The Pulgas Water Temple is a celebration of man’s ingenuity, a reminder of a long controversial process that brought water from Yosemite to the people of the San Francisco Bay Area. I was curious about how a replica of an ancient Greek structure came to be nestled in the rolling hills of Redwood City, CA. So I read the educational signs along the walking path. I found that the Hetch Hetchy aqueduct was created based on Roman and Greek engineering methods, and ends at this spot with the water finally flowing into the adjoining Crystal Springs reservoir.
As I walked around I could hear the rushing of water like a great river making its way to a waterfall or the flow of water at a waterslide park, yet I could see no evidence for what I was hearing. I walked around the Temple itself admiring the columns and listening as the noise grew louder. I looked toward the reservoir in the distance and saw the source of the rushing water. The outlet of the aqueduct is hidden below the Pulgas Water Temple parkland and steers the water in open air beyond the park to the reservoir.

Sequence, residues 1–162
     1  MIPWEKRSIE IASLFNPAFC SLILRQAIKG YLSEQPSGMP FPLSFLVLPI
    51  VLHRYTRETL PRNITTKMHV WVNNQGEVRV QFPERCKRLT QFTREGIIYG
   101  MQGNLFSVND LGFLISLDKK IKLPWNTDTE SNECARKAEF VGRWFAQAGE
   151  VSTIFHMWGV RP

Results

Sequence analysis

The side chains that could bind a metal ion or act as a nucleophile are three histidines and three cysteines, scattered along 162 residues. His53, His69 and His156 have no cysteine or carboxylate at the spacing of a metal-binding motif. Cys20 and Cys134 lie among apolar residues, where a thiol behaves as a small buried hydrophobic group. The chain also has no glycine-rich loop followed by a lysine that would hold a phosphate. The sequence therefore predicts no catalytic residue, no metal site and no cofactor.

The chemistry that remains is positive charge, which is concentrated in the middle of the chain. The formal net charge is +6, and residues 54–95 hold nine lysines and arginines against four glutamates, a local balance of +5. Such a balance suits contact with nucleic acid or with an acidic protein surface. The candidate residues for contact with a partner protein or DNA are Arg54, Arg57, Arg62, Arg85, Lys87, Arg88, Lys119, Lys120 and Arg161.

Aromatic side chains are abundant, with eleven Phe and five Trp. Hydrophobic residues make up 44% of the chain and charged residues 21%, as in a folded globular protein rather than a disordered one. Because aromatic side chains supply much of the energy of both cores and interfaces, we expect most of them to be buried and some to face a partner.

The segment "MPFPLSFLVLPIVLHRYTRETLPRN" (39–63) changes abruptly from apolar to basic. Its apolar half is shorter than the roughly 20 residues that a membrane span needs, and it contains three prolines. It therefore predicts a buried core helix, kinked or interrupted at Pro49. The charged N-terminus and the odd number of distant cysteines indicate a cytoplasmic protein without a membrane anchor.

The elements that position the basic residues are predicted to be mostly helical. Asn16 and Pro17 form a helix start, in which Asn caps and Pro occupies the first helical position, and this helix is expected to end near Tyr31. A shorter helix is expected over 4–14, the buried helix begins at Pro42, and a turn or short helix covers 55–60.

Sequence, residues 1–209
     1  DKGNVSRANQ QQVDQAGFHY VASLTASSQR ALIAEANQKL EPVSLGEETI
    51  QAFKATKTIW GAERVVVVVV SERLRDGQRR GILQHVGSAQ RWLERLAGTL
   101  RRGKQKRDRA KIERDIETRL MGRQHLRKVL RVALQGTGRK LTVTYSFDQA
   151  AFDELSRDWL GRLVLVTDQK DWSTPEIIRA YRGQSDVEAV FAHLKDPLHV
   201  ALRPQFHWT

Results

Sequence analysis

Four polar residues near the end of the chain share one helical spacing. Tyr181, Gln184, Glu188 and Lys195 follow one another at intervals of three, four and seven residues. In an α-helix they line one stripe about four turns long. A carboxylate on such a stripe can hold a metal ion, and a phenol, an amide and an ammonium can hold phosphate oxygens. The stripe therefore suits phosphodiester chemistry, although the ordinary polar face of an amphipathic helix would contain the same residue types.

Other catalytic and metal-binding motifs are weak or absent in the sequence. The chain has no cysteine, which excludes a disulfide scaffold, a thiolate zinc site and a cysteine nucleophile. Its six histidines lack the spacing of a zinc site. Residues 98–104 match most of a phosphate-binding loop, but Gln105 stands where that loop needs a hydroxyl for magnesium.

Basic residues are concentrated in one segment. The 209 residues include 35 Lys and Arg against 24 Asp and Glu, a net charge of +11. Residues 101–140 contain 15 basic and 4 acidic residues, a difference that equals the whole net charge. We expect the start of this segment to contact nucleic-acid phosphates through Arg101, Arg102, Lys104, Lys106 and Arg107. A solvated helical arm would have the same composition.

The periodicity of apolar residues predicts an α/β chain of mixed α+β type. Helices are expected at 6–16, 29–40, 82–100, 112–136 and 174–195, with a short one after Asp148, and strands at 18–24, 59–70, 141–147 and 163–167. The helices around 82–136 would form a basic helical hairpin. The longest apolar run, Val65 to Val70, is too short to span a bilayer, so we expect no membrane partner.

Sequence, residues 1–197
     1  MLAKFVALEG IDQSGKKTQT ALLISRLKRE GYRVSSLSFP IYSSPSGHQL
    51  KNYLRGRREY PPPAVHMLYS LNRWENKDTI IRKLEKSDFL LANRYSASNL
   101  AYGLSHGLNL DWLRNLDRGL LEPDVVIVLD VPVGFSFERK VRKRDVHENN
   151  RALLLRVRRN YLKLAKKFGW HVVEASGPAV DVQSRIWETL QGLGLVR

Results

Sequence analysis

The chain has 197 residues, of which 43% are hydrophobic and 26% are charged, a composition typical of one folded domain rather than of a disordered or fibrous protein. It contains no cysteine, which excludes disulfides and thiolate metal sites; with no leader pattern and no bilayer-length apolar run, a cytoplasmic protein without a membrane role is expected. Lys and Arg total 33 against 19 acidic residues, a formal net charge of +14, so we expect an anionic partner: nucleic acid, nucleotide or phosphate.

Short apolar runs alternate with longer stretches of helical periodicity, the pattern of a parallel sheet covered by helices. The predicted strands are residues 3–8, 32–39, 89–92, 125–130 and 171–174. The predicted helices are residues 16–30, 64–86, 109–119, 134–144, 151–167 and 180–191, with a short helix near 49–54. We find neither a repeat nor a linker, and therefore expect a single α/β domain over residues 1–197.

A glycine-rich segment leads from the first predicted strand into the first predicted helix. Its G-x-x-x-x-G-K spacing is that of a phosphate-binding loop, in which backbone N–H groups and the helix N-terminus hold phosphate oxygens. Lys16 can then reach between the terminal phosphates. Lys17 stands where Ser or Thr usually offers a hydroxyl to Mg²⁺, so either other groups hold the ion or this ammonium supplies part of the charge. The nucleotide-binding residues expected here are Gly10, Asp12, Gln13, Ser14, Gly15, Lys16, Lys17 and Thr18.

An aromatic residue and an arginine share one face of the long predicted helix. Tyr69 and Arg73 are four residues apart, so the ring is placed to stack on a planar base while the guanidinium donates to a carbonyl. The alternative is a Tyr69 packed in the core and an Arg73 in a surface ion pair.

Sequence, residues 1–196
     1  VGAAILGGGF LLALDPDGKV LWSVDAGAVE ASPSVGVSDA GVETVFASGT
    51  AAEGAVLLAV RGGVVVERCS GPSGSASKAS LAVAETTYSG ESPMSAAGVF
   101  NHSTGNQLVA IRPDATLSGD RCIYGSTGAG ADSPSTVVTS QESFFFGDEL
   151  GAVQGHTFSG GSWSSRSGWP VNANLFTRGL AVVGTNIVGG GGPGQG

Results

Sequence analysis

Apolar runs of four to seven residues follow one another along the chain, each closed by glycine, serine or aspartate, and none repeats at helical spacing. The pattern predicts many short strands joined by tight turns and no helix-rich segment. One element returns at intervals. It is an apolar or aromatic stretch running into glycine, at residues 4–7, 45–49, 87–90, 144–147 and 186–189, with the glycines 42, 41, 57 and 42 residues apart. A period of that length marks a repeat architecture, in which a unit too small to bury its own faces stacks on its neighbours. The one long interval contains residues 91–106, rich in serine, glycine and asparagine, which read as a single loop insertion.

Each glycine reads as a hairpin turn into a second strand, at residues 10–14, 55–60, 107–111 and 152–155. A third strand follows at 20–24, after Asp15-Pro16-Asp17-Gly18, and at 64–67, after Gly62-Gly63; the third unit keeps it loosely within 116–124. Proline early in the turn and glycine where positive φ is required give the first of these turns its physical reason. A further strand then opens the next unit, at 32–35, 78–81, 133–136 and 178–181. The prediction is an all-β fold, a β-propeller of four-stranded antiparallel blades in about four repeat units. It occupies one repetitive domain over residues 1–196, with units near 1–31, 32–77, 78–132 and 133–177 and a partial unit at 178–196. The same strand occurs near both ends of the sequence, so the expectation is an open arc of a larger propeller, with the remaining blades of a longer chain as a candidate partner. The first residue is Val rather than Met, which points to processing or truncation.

The surrounding landscape of moist coastal forest, sparkling water of the reservoir and crisp bright blue sky was simply stunning on this winter day. The beauty of the setting is so much appreciated, that at least two bridal groups were planning their upcoming weddings at the Temple during the time I was there. The Temple is an ideal place to have a romantic picnic or just sit and relax for a while. I soaked up some much needed warm sun and fresh air on my visit.
Visit the park Monday through Friday 9am to 4pm at 56 Cañada Road, Redwood City, CA 94062.